About The Breast
The breast is mostly made up of different tissue, ranging from very fatty tissue to very dense tissue. Within this tissue is a network of lobes, which are made up of small, tube-like structures called lobules that contain milk glands.
Tiny ducts connect the glands, lobules, and lobes, carrying the milk from the lobes to the nipple. The nipple is located in the middle of the areola, which is the darker area that surrounds the nipple. Blood and lymph vessels also run throughout the breast.
Blood nourishes the cells, and the lymphatic system drains bodily waste products. The lymph vessels connect to lymph nodes, which are tiny, bean-shaped organs that help fight infection.
What is Breast Cancer?
Breast cancer begins when healthy cells in the breast change and grow out of control, forming a mass called a tumor. A tumor can be cancerous or benign. A cancerous tumor is malignant, meaning it can spread to other parts of the body. A benign tumor can grow but does not spread to other parts of the body, and it is rarely life-threatening.
Types of Breast Cancer
Breast cancer can be invasive or noninvasive. Invasive breast cancer is cancer that spreads into surrounding tissues. Noninvasive breast cancer does not go beyond the milk ducts or lobules in the breast. Most breast cancers start in the ducts, called ductal carcinoma, or in the lobules, called lobular carcinoma.
A pathologist determines whether a tumor removed during a biopsy is ductal or lobular cancer.
A pathologist is a doctor who specializes in interpreting laboratory tests and evaluating cells, tissues, and organs to diagnose disease. If the disease has spread outside the duct or lobule and into the surrounding tissue, it is called invasive or infiltrating ductal or lobular carcinoma.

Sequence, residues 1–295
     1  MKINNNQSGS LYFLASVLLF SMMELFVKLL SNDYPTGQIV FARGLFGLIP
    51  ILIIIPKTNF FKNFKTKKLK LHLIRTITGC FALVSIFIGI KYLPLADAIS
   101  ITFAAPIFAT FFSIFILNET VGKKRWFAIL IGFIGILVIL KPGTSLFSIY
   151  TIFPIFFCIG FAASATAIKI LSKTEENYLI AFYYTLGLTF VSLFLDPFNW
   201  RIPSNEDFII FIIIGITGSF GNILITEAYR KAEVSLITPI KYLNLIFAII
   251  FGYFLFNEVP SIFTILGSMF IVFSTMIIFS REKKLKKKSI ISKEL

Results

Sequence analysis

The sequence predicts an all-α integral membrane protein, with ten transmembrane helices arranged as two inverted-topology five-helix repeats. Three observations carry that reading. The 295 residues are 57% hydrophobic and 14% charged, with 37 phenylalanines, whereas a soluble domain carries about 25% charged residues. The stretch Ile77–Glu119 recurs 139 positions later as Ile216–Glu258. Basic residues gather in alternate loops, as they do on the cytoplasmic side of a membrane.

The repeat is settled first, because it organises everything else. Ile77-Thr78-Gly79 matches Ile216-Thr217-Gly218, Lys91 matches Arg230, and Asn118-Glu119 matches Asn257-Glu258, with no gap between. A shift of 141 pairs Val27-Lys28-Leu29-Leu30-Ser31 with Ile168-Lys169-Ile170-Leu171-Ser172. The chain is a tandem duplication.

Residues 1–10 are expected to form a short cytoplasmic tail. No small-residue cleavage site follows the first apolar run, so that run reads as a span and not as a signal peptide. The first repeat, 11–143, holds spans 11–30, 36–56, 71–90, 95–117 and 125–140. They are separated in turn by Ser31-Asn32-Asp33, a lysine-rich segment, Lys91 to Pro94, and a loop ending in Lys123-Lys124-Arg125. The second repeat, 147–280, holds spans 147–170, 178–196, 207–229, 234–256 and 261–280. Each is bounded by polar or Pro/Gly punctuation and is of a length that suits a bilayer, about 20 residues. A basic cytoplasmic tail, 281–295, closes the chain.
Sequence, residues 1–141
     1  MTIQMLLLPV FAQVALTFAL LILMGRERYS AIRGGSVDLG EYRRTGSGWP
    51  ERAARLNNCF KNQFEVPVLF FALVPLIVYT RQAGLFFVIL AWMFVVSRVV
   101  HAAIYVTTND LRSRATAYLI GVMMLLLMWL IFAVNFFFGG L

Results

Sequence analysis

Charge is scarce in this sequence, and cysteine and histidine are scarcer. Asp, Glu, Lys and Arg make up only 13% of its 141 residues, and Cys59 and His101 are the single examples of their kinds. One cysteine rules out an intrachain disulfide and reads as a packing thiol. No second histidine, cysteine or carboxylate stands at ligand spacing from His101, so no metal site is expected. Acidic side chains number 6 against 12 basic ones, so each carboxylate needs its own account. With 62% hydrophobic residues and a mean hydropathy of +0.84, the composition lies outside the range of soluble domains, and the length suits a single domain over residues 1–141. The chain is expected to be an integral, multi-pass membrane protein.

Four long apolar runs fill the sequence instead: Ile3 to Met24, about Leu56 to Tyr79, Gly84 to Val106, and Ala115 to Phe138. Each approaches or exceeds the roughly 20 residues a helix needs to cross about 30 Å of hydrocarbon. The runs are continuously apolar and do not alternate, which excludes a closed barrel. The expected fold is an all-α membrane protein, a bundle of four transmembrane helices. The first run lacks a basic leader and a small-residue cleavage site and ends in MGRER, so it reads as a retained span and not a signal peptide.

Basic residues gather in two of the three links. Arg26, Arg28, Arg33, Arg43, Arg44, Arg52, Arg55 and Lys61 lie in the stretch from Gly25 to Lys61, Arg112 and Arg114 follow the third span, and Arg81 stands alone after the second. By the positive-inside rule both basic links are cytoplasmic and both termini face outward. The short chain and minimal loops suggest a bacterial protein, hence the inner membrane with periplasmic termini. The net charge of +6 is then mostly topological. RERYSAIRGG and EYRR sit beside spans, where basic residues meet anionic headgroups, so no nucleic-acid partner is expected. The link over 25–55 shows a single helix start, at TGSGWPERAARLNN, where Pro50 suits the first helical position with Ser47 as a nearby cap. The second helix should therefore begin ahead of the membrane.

Cancer that is located only in the duct or lobule is called in situ, meaning “in place,” and is noninvasive. Most in situ breast cancers are ductal carcinoma in situ (DCIS). DCIS is often treated with surgery, radiation therapy, and hormonal therapy.
Lobular carcinoma in situ (LCIS) is not considered cancer and is usually monitored by a doctor with regularly scheduled examinations and imaging tests.
LCIS in one breast is a risk factor for developing invasive breast cancer in both breasts. To reduce this risk, LCIS is sometimes treated with hormonal therapy. Other less common types of breast cancer include medullary, mucinous, tubular, metaplastic, and papillary breast cancer, as well as other even rarer types.
Inflammatory breast cancer is a faster growing type of cancer that accounts for about 1% to 5% of all breast cancers. At first it may be misdiagnosed as a breast infection because there is often swelling of the breast and redness of the breast skin that starts suddenly, and there may be no breast mass or lump.
Paget’s disease is a type of cancer that begins in the ducts of the nipple. The skin often appears scaly and may be itchy. Although it is usually in situ, it can also be an invasive cancer.